Industry body warns ‘buyer fatigue’ leading homebuyers to settle for lemons

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    With home prices across Australia increasing at the fastest rate in a decade, a housing industry figure has urged homebuyers not to rush out and buy an inferior property “just to get a foot on the property ladder.”

    Cate Bakos, president of the Real Estate Buyers Association of Australia (REBAA), said that homebuyers should resist the urge to go for the “lowest hanging fruit” in a competitive market to avoid the competition.

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    “Buyer fatigue can make buyers lazy with their due diligence and in some cases drop the due diligence altogether to cut down on costs if they have lost money on building inspection fees in the past,” said Bakos. “This is a terrible strategy and often their desperation can give way to impetuousness. Many buyers turn to ‘off-markets’ under the misguided expectation that secret sales are all good but in a seller’s market they’re often just masking bad sins.”

    Bakos said that, with the market booming, it was more important now than ever for homebuyers to be cautious and alert.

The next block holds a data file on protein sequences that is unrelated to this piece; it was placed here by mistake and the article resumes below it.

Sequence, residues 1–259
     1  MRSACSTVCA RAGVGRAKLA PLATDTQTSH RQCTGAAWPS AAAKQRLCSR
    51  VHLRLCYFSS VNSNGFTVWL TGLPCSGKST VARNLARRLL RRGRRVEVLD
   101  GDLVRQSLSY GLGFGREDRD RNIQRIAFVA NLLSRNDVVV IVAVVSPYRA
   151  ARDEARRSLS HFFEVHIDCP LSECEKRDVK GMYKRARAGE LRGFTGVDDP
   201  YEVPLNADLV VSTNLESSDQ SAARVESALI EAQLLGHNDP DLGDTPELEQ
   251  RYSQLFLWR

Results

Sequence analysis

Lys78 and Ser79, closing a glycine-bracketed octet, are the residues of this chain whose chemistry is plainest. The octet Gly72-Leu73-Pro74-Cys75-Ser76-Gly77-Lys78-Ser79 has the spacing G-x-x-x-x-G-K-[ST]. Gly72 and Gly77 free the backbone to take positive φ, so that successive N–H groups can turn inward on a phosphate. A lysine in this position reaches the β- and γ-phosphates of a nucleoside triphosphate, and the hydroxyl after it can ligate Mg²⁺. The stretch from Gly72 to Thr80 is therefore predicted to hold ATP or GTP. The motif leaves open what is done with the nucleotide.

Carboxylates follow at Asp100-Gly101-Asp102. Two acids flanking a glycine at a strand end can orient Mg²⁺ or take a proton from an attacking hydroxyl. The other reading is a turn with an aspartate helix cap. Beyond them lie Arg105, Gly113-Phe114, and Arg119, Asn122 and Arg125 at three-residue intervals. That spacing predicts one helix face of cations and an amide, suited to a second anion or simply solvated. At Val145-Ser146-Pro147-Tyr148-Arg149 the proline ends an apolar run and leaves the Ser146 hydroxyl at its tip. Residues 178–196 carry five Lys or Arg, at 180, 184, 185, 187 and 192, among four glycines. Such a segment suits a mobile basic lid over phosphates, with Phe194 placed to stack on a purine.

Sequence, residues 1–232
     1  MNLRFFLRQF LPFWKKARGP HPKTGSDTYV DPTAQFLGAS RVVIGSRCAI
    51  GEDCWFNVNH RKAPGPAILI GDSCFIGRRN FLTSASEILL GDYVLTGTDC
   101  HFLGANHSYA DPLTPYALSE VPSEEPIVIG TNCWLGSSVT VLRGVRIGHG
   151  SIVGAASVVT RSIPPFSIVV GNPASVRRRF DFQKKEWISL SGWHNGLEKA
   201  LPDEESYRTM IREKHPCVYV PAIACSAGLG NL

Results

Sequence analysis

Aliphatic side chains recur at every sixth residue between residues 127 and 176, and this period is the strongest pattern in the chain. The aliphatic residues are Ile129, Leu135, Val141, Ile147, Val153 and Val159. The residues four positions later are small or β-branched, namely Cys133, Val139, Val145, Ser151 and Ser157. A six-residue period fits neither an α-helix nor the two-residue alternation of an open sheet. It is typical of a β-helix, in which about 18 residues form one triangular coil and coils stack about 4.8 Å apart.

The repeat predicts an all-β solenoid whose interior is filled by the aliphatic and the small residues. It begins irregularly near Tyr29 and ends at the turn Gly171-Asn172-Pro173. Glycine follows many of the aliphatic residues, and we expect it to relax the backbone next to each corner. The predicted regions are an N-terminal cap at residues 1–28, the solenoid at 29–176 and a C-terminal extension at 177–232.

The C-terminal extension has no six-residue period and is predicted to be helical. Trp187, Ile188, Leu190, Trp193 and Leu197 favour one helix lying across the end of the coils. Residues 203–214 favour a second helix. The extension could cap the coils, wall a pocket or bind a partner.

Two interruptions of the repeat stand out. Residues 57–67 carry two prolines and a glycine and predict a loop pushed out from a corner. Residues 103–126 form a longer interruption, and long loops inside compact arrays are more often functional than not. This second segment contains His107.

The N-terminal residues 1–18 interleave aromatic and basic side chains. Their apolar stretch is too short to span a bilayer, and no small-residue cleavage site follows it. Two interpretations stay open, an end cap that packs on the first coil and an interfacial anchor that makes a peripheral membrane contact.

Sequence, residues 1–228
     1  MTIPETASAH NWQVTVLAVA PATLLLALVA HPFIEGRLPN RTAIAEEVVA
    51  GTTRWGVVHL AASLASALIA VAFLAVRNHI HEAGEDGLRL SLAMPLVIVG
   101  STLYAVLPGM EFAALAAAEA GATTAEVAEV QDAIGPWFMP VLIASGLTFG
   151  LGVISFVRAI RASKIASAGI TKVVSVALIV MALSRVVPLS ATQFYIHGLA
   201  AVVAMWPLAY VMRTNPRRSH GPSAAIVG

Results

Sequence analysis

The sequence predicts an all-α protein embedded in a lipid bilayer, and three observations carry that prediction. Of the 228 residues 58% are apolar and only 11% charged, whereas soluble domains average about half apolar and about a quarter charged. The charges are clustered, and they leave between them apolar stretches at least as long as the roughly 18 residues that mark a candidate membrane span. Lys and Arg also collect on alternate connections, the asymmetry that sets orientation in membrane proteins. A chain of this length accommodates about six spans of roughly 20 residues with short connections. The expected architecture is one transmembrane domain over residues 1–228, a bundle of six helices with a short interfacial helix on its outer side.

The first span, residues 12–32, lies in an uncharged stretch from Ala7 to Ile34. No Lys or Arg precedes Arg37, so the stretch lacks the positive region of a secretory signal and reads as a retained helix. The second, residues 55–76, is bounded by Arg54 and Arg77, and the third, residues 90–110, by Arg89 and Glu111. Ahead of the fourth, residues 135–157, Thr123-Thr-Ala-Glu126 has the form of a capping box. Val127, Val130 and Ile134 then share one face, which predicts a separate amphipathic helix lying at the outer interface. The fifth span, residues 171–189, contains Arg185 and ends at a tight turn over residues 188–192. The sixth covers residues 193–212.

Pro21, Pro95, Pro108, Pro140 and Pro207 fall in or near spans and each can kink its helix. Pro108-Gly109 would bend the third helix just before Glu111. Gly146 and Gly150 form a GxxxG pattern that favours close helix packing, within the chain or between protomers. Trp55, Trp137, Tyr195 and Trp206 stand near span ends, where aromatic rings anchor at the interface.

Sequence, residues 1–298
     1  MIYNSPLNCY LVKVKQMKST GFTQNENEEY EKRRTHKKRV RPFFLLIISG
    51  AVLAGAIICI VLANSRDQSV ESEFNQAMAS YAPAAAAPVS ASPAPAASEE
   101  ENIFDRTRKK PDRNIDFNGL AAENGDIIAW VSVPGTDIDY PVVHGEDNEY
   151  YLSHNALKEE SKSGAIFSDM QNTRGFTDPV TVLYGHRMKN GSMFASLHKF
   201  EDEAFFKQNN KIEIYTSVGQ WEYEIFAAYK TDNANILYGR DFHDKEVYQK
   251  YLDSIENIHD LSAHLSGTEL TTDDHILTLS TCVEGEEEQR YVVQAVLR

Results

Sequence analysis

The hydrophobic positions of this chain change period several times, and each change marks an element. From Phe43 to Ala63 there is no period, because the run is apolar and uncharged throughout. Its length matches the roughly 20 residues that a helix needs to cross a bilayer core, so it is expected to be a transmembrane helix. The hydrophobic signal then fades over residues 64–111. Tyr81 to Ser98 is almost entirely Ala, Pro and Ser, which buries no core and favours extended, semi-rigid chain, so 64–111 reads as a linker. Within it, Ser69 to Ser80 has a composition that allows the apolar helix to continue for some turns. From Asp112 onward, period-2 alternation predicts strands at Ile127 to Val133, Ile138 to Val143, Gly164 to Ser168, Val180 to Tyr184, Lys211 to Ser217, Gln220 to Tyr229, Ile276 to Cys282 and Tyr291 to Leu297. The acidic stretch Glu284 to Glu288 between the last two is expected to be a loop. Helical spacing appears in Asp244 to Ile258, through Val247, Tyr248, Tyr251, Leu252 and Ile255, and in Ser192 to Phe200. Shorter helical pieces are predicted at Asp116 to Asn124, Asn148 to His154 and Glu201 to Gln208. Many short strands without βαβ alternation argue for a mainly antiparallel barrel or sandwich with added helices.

“In any other market, these properties would either not sell or sell at a seriously discounted rate,” said Bakos. “Buyers need to remember that a property that’s difficult to sell in a seller’s market will be even more difficult to sell in a buyer’s market. Always consider the potential resale value of the property you’re buying and ask yourself if it was a buyer’s market, could I sell this property easily?”

    Bakos added that homebuyers should seek legal advice in case there is a way out of the contract if they think “bought a lemon”

    “Alternatively speak to a professional buyer’s agent about remediation or making the best out of the property,” concluded Bakos.

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    Original Article